Tuesday, April 27, 2010

Movie with Abe: The Secret in their Eyes

The Secret in their Eyes
Directed by Juan José Campanella
Released April 16, 2010

The Argentinean film that bested “The White Ribbon” and “A Prophet” for the Best Foreign Film prize at the Oscars last month has finally made its way over to the United States. It proves to be an extensive tale just as comprehensive and time-spanning as those of the other two aforementioned films. One man’s spirited investigation into a murder takes its effect on the victim’s husband, the perpetrator, the man himself, and all those who come into contact with him. The passion with which federal justice agent Benjamin Esposito pursues the case for a number of years is inspiring, and it’s a fiercely intriguing and engaging film.

As suggested by its title, “The Secret in their Eyes” is a film that delves deep into the souls, motivations, and characters of the people whose lives it features. It comes at its subject matter from two different angles in the form of time periods twenty-five years apart. The story is exposed both in the present and the past, and it’s a fitting way to get to know the characters and see just how much they’ve changed before fully understanding why they do what they do. It’s as if there are twice as many characters to meet – the past and present forms of these protagonists, so different in their novice and elder forms.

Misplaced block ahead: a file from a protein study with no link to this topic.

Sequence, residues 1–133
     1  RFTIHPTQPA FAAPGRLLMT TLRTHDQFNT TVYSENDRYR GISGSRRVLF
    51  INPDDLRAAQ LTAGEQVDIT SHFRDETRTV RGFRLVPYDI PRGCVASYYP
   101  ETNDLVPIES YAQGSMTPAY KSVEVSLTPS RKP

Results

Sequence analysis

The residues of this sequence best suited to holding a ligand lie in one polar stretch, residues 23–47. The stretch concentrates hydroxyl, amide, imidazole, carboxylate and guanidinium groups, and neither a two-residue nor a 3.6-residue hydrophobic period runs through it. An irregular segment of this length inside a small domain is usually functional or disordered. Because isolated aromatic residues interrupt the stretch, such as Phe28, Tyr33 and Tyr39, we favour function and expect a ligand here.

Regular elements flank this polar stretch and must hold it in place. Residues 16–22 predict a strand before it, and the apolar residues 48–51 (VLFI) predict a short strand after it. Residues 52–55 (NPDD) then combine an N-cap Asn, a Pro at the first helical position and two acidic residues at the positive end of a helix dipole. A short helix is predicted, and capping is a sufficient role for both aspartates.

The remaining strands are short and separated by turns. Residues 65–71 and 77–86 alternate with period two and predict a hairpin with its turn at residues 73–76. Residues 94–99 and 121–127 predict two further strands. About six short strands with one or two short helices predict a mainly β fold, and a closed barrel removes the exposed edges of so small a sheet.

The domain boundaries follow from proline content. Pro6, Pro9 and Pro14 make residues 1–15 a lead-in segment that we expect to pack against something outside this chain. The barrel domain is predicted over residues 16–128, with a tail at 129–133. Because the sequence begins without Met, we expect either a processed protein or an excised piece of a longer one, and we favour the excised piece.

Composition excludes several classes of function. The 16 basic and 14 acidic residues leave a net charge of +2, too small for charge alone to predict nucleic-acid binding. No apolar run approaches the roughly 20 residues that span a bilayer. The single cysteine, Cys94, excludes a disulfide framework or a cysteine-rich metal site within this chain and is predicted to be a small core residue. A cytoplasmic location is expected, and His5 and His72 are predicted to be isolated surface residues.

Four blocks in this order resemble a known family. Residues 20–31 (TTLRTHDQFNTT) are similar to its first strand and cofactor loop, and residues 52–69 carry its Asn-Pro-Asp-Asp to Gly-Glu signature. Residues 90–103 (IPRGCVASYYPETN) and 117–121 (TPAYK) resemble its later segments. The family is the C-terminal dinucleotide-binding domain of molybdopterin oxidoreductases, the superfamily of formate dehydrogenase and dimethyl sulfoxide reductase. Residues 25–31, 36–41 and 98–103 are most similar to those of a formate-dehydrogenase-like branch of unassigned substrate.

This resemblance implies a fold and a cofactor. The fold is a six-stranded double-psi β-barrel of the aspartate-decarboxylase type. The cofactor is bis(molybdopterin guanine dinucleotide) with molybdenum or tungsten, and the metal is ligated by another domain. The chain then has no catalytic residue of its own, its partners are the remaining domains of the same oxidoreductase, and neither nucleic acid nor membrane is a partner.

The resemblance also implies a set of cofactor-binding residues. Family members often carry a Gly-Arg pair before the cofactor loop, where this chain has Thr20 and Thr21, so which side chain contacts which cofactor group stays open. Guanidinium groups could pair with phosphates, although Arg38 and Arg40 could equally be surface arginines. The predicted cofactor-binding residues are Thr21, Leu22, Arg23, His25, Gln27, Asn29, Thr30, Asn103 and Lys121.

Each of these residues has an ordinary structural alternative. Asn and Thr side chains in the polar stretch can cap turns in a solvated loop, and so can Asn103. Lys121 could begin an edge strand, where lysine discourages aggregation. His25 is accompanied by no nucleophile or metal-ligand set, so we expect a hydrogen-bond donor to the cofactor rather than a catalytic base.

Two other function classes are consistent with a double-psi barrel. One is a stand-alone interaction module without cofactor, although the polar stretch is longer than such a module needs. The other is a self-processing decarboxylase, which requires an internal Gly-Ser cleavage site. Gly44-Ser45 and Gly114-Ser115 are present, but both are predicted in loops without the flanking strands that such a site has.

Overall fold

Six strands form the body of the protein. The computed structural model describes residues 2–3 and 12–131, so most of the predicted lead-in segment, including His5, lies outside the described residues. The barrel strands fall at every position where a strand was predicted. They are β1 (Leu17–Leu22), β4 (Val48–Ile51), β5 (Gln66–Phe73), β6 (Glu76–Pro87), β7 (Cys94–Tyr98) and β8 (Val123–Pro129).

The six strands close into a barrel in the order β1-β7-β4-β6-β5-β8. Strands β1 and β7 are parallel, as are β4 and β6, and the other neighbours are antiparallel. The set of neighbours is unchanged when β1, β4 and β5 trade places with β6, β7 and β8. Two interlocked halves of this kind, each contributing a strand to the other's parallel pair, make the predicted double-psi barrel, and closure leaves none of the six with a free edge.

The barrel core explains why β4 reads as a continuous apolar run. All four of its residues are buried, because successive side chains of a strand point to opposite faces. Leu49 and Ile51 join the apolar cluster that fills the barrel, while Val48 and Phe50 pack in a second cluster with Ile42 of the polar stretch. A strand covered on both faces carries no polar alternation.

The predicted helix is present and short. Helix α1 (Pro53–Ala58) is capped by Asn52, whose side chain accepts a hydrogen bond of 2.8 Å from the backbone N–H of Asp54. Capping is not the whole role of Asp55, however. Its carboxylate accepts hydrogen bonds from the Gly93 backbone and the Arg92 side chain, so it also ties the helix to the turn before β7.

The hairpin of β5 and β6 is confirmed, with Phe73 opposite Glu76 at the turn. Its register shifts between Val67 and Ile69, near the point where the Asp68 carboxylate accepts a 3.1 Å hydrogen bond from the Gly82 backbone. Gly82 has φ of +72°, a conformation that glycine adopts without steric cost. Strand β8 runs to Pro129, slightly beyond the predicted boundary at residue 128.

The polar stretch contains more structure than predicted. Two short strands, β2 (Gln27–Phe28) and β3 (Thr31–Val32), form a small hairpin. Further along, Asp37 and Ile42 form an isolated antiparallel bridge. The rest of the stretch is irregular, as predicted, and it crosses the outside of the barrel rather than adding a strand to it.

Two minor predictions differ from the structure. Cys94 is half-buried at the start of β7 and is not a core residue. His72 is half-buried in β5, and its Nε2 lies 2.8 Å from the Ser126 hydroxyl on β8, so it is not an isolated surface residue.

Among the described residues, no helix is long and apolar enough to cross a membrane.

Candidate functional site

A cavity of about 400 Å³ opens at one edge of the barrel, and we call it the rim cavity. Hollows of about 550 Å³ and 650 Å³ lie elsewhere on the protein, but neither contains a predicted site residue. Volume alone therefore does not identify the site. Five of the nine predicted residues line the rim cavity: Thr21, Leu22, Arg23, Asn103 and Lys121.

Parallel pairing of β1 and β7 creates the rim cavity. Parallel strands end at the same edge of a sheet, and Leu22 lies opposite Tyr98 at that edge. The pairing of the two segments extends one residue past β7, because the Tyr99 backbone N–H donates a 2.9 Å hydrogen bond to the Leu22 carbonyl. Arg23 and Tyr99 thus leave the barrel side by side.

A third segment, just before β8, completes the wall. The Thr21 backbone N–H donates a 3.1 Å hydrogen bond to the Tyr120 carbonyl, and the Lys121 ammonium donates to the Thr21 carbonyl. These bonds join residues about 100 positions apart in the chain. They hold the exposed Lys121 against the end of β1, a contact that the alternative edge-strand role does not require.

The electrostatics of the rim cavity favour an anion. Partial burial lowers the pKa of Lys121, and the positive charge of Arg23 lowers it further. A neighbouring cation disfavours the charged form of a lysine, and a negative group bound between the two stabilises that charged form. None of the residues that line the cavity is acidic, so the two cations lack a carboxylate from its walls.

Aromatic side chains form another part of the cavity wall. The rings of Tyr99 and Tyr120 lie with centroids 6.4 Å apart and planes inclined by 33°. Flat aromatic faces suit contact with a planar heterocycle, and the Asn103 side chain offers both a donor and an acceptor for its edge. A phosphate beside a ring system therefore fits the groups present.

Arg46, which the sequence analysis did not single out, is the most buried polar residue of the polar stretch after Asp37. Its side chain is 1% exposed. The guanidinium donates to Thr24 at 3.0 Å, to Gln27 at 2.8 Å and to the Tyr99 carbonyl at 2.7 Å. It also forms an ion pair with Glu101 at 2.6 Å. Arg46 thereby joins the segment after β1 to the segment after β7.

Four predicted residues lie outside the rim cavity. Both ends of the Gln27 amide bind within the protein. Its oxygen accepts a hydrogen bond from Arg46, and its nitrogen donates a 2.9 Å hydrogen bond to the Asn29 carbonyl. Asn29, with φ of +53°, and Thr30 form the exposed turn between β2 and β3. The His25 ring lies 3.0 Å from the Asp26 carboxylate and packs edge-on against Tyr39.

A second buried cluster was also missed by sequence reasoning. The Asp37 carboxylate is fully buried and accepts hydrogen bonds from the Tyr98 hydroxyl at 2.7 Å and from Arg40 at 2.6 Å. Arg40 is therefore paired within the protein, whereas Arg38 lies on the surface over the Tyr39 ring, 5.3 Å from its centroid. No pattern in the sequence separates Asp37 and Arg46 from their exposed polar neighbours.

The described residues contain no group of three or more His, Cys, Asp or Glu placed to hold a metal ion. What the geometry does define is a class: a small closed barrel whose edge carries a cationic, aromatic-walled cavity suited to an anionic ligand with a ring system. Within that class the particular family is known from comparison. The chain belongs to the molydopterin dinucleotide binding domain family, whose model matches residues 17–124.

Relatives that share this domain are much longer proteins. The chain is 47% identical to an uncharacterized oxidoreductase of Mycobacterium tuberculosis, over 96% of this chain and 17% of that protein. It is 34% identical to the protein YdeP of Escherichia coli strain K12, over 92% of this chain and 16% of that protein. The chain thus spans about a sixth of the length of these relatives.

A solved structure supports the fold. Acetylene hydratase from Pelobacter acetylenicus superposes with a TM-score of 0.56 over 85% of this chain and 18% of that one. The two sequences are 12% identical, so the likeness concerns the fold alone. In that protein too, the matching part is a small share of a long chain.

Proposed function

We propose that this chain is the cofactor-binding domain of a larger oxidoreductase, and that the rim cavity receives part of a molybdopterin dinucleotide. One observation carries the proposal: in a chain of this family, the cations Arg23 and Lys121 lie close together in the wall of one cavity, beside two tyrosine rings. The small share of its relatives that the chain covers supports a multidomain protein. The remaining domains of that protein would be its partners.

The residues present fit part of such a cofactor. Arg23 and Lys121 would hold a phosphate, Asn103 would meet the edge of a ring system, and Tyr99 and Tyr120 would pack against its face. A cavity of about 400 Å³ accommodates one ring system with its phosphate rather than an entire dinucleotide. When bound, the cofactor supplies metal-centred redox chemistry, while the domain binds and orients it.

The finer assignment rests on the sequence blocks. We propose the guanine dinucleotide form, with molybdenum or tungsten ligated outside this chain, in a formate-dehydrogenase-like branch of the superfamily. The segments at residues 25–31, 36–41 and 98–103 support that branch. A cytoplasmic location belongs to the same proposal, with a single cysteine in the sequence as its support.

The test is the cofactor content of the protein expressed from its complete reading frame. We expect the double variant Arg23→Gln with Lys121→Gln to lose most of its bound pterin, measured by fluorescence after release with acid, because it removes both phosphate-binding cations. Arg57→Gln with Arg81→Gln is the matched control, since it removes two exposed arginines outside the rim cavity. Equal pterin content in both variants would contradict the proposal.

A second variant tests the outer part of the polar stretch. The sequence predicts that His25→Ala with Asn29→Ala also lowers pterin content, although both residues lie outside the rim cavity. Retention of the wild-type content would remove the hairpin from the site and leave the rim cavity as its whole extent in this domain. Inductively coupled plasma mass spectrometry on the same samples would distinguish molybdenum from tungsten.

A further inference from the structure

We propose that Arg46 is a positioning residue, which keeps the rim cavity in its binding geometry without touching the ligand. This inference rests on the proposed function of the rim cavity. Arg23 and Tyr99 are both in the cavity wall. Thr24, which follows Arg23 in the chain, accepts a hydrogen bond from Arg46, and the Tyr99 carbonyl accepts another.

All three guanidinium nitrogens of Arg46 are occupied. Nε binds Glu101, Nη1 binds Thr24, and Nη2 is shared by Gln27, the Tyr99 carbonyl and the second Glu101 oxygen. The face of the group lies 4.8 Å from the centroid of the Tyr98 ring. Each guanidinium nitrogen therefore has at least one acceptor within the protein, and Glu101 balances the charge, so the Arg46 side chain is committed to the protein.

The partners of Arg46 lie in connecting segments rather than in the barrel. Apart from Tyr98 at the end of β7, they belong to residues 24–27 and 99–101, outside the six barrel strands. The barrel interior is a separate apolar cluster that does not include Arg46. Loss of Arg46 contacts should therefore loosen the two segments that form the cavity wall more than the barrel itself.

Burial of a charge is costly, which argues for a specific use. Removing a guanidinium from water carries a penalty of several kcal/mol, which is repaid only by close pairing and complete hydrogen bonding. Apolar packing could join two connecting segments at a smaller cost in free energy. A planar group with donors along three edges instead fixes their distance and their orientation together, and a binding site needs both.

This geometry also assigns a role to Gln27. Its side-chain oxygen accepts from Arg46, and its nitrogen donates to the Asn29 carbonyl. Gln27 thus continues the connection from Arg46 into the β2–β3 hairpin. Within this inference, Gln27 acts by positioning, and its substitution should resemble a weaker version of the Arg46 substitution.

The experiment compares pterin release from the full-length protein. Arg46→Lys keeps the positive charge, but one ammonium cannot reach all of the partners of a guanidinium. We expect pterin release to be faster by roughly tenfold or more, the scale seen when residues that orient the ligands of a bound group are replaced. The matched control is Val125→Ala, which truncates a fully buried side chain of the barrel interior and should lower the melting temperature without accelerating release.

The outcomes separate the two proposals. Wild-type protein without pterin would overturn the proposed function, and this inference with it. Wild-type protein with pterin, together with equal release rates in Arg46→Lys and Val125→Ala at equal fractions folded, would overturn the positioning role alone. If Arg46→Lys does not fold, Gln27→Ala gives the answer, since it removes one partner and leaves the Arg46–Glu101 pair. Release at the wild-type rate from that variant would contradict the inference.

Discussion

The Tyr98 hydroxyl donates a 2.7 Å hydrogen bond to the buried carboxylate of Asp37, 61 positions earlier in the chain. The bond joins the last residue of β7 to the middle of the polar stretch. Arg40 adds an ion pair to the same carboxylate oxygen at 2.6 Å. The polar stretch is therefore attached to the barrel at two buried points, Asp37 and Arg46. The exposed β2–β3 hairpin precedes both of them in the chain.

What makes “The Secret in their Eyes” such an invigorating, enchanting, and thrilling film is a solid story that’s legitimately interesting and full of intriguing plot developments, properly spacing out the twists and turns throughout the whole of the film’s runtime. Four main performances also serve to shape, enhance, and guide the film. Ricardo Darin is an excellent public servant who charges himself with much more than what lies in his job description as protagonist Benjamin Esposito. Guillermo Francella provides some much-needed comic relief as Esposito’s partner and friend Sandoval, ultimately proving to be a loyal and devoted companion for Esposito in his quest to find justice. Pablo Rago is exceptional and sympathetic as Ricardo Morales, the man who quietly demands justice for the senseless and brutal murder of his wife. And then there is the marvelous Soledad Villamil, first seen in her older, far more sophisticated form and then introduced as the object of Esposito’s affection. Villamil is mesmerizing as Irene Menendez Hastings, and her interactions with Darin’s Esposito are among the film’s best moments. This is a movie equally about story and characters, and it excels in both areas.


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